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Friday, March 20, 2009

On the Dangers Inherent in Populism

It's been a long time since my AP US History. So I apologize to the historians in advance. As a Raving Leftatic, it's a truism that I adhere to the essential tenets of populism. However, in a conservative Republican administration that meant something entirely different, than it does today. I feel something of a retraction is in order. What has always been so appealing to me about Populism is that I have a basic problem with the extremely wealthy. That problem has always existed for me, in good times and in bad. It stems from a mutual rejection of a list of priorities, predjudices, and overall disposition. I should be fair--the other half of the rejection is a deep rooted pyschological resentment of having grown up in an affluent suburb. Regardless, I find populism attractive because it serves as a crowbar with which to pry open doors long closed to the vast majority of people. Namely, access to government, access to wealth, and more importantly access to information. So when I see the House pass a bill to tax the AIG execs bonuses 90% pass in a literally a day--I get worried.

However, as the crisis continues, and the pogroms against the financial world grow ever more frenzied I have to say the idea of wealth distribution is becoming a little bit frightening. Not because I disagree with it as much as I fear the lynch mob mentality that we're seeing. The MSM is always the last to glom onto a popular movement, and they've gotten on board of the "Lynch the Bankers" cash cow with great abandon, but I wonder if they really know the size of the beast they stir. It's one thing for people like me to agitate and press for reform. I'm just left enough to be deemed radical by the right. But I still work within the system. A lynch mob just burns everything in its way. The vitriol I'm seeing on Digby's Hullabaloo and other left blogs is alarming.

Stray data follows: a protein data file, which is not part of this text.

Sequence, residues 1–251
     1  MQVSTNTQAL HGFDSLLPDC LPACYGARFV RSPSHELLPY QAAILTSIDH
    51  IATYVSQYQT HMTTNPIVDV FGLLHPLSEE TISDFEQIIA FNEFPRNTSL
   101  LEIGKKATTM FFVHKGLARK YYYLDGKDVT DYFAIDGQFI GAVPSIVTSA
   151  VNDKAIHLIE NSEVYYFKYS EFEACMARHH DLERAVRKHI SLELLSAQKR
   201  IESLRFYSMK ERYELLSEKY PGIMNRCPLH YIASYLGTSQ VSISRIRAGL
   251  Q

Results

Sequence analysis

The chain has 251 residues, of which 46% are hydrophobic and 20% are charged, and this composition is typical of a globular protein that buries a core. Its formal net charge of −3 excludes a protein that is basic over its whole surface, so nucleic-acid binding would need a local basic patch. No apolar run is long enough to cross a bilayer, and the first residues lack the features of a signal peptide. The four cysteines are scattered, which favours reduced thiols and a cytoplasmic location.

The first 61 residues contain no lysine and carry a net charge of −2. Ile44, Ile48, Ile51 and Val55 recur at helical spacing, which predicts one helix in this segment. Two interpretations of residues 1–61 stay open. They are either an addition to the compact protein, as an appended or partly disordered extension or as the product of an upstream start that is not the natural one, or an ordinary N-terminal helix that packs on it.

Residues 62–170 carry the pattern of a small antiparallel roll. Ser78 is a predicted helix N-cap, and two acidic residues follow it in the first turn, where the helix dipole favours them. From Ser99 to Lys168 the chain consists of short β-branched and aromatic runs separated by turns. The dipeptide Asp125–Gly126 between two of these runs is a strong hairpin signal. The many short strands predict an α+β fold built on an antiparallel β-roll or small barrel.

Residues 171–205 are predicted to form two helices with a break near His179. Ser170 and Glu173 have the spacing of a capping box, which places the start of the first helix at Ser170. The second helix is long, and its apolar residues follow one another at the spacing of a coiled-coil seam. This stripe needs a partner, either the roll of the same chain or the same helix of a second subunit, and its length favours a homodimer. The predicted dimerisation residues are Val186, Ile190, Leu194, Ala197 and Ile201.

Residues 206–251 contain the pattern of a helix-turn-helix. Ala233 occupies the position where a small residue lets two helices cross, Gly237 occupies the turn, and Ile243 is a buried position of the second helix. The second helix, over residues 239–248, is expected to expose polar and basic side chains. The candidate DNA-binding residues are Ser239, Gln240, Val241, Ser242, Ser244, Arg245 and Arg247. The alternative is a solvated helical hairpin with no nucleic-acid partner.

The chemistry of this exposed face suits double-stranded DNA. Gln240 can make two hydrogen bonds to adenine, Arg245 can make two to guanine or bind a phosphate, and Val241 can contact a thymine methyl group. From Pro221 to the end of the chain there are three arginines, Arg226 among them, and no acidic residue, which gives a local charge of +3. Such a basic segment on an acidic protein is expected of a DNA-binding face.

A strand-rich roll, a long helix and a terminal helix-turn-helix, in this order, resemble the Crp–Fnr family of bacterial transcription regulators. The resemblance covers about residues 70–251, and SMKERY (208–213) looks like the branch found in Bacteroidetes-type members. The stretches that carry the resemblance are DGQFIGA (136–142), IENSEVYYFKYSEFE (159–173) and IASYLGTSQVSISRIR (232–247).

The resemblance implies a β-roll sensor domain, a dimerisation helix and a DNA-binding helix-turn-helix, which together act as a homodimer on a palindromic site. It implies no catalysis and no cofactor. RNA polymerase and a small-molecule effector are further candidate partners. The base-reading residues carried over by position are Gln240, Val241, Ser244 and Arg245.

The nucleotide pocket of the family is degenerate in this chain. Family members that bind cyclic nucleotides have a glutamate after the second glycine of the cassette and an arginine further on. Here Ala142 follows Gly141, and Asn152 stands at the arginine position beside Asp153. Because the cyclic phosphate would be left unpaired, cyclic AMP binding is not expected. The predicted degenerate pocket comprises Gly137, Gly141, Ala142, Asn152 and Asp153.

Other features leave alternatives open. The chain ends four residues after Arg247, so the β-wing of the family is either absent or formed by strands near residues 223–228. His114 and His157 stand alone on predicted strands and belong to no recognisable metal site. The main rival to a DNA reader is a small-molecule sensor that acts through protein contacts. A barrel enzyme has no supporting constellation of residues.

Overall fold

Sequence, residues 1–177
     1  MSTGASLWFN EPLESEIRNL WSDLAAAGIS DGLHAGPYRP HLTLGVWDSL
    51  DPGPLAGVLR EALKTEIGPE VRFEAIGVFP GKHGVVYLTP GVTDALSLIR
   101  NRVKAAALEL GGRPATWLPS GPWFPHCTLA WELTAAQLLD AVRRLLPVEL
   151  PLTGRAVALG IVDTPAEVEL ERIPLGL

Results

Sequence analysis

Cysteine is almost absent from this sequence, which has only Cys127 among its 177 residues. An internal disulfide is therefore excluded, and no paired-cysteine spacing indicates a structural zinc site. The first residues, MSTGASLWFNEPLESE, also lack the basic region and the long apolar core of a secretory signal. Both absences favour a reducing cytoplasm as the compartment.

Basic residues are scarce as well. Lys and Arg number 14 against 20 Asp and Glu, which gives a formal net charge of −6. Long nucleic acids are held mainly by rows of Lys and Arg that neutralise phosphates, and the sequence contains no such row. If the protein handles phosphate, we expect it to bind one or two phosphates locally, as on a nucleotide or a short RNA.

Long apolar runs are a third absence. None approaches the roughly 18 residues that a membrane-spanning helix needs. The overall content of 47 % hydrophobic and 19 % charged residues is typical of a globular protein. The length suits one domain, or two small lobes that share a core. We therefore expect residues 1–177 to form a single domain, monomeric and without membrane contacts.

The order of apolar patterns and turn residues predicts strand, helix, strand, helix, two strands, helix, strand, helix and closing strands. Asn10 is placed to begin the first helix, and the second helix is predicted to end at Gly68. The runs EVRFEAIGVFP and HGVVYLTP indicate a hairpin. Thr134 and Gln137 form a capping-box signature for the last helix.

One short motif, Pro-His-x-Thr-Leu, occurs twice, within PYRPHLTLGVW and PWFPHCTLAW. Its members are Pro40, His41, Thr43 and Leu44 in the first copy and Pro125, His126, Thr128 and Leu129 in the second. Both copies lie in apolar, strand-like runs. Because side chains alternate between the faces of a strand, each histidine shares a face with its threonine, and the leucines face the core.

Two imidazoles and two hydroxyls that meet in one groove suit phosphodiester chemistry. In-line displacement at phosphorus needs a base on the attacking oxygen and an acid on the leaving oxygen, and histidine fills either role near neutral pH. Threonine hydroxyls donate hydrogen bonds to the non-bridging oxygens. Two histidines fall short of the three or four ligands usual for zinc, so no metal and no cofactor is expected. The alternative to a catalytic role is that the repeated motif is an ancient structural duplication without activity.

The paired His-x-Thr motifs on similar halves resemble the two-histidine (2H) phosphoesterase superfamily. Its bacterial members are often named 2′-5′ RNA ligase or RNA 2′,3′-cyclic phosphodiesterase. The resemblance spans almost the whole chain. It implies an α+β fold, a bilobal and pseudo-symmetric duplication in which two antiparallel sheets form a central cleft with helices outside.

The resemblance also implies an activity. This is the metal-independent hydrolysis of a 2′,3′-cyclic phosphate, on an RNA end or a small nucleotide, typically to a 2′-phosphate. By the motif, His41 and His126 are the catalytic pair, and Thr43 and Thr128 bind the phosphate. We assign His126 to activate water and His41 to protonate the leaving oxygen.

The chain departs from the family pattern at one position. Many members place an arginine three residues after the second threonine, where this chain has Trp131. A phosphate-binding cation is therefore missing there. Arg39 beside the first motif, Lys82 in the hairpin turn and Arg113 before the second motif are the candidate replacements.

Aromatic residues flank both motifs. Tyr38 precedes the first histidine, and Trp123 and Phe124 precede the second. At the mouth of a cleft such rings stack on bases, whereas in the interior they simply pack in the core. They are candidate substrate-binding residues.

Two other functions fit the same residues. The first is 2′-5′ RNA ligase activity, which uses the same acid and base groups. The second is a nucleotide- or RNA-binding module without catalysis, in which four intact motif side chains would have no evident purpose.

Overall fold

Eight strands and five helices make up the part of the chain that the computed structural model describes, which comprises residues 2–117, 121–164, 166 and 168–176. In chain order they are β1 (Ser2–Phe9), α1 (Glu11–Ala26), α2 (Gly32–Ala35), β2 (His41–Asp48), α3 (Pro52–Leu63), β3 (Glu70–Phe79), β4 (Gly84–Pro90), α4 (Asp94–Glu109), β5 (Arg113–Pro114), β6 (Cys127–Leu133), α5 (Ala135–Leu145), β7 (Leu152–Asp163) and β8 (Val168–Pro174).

We can't rewrite the past. We shouldn't retroactively prosecute, that's one of the great tenets of the law, and so it should apply here. Make rules for the future. Limit executive pay? I think that's a silly rule. The difference between an angry mob, and an angry mob of populists is that the populists are really just asking for their rightful share. The new rules should ensure that pay is more equitable, should ensure medical care, and pension plans. Should help mitigate the vast amounts of debt that each one of us, including our government, has accrued.

And so, I reach a new point in my intellectual career. I've never seen such anger expressed in my lifetime over a leftist idea. Oh I know my American history, so I know that it's always been there. It's just so odd. The last thirty years of public rhetoric has been one nasty diatribe after another, declaiming against the poor, the disenfranchised, whilst the rich were elevated to pedestals reaching to the heavens. To be clear: I'm not disavowing my principles, but we're here for justice, not blood. And an angry mob that turns left can be just as bad as an angry mob that turns right.

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